'Coco' Stars Gael Garcia Bernal and Edward James Olmos Say Pixar Movie Counters Negative View of Mexicans
- Category: Interviews
- Created: Tuesday, 21 November 2017 09:46
- Published: Tuesday, 21 November 2017 15:01
- Written by Lupe R Haas
Disney*Pixar pay homage to the Mexican tradition of the Dia de los Muertos aka Day of the Dead in COCO. COCO director and Lee Unkrich (TOY STORY 3, FINDING NEMO), and co-director Adrian Molina went to great lengths to research the holiday. The result is a beautiful and colorful story about the importance of family and a wonderful reflection of Mexican culture. Gael Garcia Bernal and Edward James Olmos voice characters in COCO, and the actors are overwhelmed by the positive message it sends at a time when it’s most needed.
In COCO, an aspiring musician Miguel, confronted with his family's ancestral ban on music, enters the Land of the Dead to find his musical idol. Gael Garcia Bernal, Benjamin Bratt, Edward James Olmos and newcomer Anthony Gonzalez voice characters in the movie.
At a Los Angeles press conference for COCO, Gael Garcia Bernal and Edward James Olmos expressed how proud they were to be part of a beautiful film that celebrates Mexican culture. COCO has already broken records in Mexico with the film selling over 17 million tickets and earning a historical box office take of 842M pesos (44 million dollars) in just over 20 days, and the people of Mexico are hailing it a national treasure.
Edward James Olmos, whose career spans over 50 years, says voicing the character of Chicharron in COCO is one of his “proudest role” in all his years in the industry.
“It hit me really hard, like it hit most people,” says Olmos after watching the movie. I gotta tell you, this thing …. You have no idea what you’ve (to the directors).”
The Mexican-American actor feels the effect of COCO won’t be immediate but over a course of 15 years it will “resonate across the planet.”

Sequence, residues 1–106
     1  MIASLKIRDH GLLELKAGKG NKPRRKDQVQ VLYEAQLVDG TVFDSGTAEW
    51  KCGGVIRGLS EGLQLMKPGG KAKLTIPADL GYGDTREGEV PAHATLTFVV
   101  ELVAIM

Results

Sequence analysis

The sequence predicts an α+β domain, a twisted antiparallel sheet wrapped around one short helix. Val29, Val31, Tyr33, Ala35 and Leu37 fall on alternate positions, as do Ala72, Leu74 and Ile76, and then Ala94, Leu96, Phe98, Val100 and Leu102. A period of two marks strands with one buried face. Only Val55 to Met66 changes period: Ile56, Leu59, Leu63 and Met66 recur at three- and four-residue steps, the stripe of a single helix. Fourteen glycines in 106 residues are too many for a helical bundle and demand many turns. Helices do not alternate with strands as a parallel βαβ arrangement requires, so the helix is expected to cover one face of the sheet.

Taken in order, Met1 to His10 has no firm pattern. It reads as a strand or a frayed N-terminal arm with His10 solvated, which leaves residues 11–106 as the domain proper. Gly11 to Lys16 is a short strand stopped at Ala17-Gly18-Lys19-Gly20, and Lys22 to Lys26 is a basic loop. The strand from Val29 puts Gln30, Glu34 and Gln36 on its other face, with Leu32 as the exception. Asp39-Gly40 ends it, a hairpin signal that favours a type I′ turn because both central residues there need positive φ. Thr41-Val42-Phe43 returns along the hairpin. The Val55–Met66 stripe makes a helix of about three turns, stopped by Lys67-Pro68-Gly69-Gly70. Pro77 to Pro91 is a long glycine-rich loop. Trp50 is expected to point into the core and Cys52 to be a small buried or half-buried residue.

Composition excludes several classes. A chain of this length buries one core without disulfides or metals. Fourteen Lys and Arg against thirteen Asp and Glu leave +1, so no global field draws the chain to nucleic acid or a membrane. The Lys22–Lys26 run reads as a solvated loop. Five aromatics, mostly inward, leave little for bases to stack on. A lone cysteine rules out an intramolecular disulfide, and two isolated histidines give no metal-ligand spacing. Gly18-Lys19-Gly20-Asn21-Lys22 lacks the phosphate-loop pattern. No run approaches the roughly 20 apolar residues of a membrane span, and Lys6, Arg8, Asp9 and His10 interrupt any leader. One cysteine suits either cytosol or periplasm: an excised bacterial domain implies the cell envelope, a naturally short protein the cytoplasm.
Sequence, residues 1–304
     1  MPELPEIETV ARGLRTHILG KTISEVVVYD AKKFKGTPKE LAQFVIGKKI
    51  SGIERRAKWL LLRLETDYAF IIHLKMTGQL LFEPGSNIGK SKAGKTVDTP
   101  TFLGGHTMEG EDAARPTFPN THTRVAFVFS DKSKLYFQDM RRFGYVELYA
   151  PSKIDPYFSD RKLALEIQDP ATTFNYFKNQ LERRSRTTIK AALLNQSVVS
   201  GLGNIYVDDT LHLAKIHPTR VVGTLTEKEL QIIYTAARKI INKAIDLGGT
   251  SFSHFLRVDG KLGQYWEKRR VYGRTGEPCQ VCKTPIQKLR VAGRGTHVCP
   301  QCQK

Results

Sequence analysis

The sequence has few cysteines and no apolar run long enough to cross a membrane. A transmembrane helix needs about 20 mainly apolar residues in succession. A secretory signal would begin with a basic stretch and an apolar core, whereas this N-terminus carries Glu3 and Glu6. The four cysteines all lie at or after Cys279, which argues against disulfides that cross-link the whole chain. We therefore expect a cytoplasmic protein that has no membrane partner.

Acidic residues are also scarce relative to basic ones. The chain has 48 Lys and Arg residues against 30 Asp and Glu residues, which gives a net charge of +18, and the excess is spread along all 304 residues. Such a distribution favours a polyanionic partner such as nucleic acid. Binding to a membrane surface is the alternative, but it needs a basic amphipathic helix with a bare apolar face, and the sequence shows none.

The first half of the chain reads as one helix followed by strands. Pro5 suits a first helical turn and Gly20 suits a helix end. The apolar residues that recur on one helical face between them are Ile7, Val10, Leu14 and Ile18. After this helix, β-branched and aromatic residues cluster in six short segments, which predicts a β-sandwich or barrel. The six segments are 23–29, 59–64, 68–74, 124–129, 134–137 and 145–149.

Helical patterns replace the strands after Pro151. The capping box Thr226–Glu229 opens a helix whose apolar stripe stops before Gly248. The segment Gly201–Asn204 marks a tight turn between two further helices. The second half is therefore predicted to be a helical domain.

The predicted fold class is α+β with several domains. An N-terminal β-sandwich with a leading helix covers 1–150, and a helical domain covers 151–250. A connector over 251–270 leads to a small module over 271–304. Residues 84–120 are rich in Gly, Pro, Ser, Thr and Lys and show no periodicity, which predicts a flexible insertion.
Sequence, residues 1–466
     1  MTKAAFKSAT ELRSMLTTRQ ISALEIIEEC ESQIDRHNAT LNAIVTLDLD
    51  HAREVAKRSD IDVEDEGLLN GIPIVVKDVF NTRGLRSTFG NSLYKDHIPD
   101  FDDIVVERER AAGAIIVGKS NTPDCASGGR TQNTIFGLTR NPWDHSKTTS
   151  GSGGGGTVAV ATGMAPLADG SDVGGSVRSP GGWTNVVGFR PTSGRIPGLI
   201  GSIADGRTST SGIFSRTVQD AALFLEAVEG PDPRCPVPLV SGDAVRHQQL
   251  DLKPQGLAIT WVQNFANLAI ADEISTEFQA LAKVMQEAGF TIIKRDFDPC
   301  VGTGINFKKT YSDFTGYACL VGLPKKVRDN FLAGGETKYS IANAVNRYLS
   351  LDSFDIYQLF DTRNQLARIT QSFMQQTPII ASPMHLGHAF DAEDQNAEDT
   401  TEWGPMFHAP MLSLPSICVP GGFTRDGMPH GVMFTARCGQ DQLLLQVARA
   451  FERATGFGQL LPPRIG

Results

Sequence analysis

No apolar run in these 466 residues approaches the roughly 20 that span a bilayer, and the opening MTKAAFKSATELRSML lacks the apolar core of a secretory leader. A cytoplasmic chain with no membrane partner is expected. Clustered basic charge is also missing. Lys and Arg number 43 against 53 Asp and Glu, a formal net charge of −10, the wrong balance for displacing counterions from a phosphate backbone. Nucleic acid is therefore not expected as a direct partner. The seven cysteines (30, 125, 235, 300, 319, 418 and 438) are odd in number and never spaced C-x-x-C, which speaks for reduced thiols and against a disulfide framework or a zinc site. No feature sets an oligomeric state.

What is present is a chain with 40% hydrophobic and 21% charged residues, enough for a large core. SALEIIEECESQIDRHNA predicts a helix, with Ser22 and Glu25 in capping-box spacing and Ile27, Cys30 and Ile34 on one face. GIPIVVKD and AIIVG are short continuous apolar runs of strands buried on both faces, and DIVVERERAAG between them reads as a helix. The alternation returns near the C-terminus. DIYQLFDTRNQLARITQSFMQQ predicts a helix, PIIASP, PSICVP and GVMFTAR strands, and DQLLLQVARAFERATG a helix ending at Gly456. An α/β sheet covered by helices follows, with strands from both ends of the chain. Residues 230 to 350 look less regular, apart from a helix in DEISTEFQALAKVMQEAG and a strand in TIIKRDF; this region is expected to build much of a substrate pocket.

COCO comes at a good time when a political candidate used Mexicans as a scapegoat for America’s problems. Unfortunately he took office of the United States presidency and the negativity continues.
“I’m so grateful. Six years ago you didn’t know we’d be living in the shape that we’re in… nobody did,” says Olmos. “Nobody knew that Mexicans would be treated like they’ve been treated over the last year. Nobody. The last 2 years have been very difficult for us and its so hard not to have an attitude.”
COCO was conceived six years ago, and it’s finally making to the big screen at a good time. Latinos needed this film to showcase a culture that’s celebrated rather than berated.
“We’ll have a sense of who we are. This placed us in a very strong position in the future. People are going to say thank you to the Mexican culture for introducing them to a value that they did not know anything about it.”
COCO also serves to remind viewers to recognize their ancestors and past loved ones as well.
Gael Garcia Bernal also appreciates the film for the message it sends children, specifically American-born Latinos.
“If I have to do a very personal dedication, this film is for the kids, the Latino kids born in the United States because it’s been said that their parents, grand parents or great grandparents are rapists, murderers and drug traffickers and these kids are being born in the moments of complete fear. And they have to fight against the lie.”
The Mexican actor feels COCO counters the negative view of Latino culture, and through this art form it may inspire others after watching it.
“It’s going to give kids confidence in where they come from. Where their parents, grandparents come from. To know that they come from a very sophisticated culture,” he says proudly. “It’s a beautiful reflection of them, and a celebration of life.”
He adds that humanity more than anything is what’s needed, and hopefully COCO will resonate with those it reflects.
COCO opens Wednesday, November 22.